Lebanon Strawberrians celebrating 50th anniversary this year

They’re everywhere, it seems, decked out in their snappy red blazers and that fancy limousine bearing smiling, waving Strawberry Court members.

They’re the Strawberrians, a group of more than 50 local businessmen and women who are celebrating their 50th anniversary this year, thought to be the oldest civic group of its kind in Oregon.

“I think we’ve been very well accepted,” said retired city councilman Bob Elliott, who has been a member for about 20 years. “People notice the limo. We represent the city very well, I believe, at different parades in the area. It’s a great organization.”

The group was founded as the “Royal Order of the Golden Strawberry” or “Golden Strawberrians,” on June 7, 1969 by a group of local men including Kerwood Smith, owner of Lebanon Furniture, farmer Jim McDaniel and Queen Anne School Principal Earnie Caldwell.

“They wore yellow coats to start,” Elliott noted.

Board member Mary Blanshan said the gold coats didn’t last long, but former member Jerry McVein still owns one.

“I hope he’ll be on the float,” she said, referring to the group’s entry in this year’s Strawberry Festival Grand Parade. “He’s kind of an honorary member.”

Longtime members, who date back to near the start of the Strawberrians, include Dean Crittensen, Glenda Holland, John Jenkins, Al Barrios and Jim Rieke.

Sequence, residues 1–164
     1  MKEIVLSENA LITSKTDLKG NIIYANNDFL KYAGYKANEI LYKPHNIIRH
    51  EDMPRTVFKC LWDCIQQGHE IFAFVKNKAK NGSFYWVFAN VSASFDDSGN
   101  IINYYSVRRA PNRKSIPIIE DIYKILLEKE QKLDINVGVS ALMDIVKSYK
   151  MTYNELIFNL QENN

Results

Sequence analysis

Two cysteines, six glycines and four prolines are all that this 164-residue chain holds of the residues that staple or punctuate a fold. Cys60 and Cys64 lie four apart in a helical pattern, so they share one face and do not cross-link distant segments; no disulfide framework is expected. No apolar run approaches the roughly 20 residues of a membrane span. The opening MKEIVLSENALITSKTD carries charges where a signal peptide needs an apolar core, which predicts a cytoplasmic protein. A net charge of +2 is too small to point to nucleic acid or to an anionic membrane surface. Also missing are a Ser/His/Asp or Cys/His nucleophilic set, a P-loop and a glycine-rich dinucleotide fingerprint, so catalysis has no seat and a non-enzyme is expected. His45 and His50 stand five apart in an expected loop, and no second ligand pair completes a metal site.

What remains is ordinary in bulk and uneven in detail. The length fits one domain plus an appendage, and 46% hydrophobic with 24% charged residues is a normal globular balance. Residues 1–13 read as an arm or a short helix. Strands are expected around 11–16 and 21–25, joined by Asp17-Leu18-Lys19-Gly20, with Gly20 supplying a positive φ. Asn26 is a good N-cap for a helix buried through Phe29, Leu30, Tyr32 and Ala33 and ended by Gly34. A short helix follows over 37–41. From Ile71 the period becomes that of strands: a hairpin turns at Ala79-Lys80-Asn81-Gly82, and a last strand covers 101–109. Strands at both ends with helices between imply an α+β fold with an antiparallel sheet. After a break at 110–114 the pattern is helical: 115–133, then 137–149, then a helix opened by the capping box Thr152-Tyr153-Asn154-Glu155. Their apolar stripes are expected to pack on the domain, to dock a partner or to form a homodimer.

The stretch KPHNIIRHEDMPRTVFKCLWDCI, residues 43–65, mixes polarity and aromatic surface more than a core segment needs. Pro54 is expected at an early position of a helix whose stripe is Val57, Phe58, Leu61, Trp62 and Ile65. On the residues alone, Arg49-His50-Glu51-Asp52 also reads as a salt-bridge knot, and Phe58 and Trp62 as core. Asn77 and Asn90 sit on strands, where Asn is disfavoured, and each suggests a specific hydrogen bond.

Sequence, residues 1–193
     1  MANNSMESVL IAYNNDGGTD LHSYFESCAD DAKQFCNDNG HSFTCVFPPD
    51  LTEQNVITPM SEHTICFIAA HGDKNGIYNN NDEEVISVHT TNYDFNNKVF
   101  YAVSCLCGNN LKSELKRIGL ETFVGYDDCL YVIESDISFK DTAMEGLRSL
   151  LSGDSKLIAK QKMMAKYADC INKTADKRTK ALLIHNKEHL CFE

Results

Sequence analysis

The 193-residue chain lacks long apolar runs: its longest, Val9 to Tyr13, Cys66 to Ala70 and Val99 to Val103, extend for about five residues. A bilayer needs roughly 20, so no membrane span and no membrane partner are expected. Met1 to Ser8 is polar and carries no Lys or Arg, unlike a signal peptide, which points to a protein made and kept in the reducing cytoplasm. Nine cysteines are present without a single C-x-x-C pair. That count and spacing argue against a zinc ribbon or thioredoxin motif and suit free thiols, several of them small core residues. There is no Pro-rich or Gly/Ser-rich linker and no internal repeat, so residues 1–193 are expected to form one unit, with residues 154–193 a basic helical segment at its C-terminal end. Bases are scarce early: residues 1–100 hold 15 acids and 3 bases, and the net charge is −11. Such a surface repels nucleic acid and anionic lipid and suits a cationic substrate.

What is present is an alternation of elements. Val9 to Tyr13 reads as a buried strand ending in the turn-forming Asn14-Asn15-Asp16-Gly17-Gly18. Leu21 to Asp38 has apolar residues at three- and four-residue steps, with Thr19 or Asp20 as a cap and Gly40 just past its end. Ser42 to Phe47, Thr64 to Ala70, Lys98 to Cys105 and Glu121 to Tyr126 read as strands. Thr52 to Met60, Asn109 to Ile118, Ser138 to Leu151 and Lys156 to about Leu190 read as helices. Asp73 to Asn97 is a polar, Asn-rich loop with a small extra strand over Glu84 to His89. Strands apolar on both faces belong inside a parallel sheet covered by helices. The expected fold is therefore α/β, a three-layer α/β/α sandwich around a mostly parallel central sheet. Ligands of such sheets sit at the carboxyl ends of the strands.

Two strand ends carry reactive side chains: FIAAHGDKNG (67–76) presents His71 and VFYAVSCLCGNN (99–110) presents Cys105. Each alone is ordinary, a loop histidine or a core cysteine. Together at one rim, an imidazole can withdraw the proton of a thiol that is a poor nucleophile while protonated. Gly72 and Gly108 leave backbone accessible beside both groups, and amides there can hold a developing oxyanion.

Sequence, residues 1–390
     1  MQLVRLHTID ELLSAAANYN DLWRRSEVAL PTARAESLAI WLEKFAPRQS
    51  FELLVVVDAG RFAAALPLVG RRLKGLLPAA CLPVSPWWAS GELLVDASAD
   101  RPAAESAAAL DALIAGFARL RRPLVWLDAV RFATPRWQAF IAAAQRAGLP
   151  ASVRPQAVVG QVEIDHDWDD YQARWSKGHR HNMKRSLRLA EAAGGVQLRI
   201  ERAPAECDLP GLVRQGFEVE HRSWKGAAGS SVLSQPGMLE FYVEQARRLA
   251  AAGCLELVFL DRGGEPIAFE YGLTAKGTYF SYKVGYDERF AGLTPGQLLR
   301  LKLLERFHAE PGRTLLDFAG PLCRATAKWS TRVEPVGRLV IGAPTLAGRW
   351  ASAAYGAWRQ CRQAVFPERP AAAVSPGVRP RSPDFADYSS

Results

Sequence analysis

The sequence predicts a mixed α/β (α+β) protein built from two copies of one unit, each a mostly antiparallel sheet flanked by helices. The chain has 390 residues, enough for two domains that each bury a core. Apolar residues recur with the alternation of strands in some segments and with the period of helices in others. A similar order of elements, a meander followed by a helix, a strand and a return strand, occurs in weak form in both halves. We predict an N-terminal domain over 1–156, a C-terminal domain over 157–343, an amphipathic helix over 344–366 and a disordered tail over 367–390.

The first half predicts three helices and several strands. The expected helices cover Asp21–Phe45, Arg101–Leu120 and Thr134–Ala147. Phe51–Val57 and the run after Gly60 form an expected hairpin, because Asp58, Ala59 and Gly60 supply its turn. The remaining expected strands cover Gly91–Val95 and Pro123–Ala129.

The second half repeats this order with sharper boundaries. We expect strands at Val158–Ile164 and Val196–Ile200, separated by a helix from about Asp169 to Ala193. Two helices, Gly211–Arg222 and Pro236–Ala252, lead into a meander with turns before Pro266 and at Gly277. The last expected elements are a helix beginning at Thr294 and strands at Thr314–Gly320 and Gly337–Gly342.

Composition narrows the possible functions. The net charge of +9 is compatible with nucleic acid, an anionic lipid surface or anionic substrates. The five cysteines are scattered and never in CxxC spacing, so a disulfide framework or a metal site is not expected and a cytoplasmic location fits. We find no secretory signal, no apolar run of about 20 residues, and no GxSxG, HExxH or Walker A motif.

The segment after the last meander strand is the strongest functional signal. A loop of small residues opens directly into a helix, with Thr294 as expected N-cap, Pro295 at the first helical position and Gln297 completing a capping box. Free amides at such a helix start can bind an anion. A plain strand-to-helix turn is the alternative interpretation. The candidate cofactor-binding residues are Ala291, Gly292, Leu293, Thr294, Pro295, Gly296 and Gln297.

Blanshan, who’s lived in Lebanon since 1966, said the group adopted the red blazers after the Albany Woodpeckers dissolved. It also dropped “Order of the Golden” from its name, resorting to simply “The Strawberrians.”

In the late 1980s, the group began including women in its membership. Early members, in addition to Holland, were Joela Larsen, Joyce Thoma and Kate Connelly.”

The Strawberrians have had their own highs and lows over the past five decades, but they’ve persisted.

“They almost died a couple of times, but the guys in the community got together and kept them going,” Blanshan said.

Another setback, she said, was when then-President Steve Williamson died in May of 2016 while on a fishing trip in Canada. Williamson had recruited her and her husband to be part of the organization.

“He got me involved,” she said. “When Steve was killed, we got thrown into it. We kind of stepped into it sight-unseen. We had to learn what we were doing.”

The Strawberrians serve as escorts to the Strawberry Court, accompanying the princesses to parades and community events.

They also serve as ambassadors for Lebanon as a whole, showing up at community events year round and treating the B.U.L.B. students to a ride to breakfast in the limousine.

They also support court princesses with scholarships, for which they raise funds and make endowments, including one from Jim and Heather McDaniel that awards each princess a $500 scholarship in perpetuity.

The limo is a big part of the Strawberrians’ activity. Blanshan said her husband Dale is known as the “Car Czar” because he’s responsible for its care.

The 1994 Lincoln Town Car is the latest of several limousines the group has used to transport court members in parades. It was donated a few years ago by a local farmer, who prefers to remain anonymous, Blanshan said.

“He gave it to us. That was a shot in our arm. The other one was not safe. It was falling apart.”

Members draw straws to see who gets to sit on the limousine.

This year the group will also have a 40-foot float in the parade, carrying member and alumni, provided

Blanshan said the interaction with the court members, many of whom have become her personal friends, is rewarding.

“When you start seeing these girls come in, when they walk out the last time on stage, they’ve grown,” she said. “They’re absolutely adorable. It’s nice to see them grow.

“It’s a good experience for us. They become part of our family.”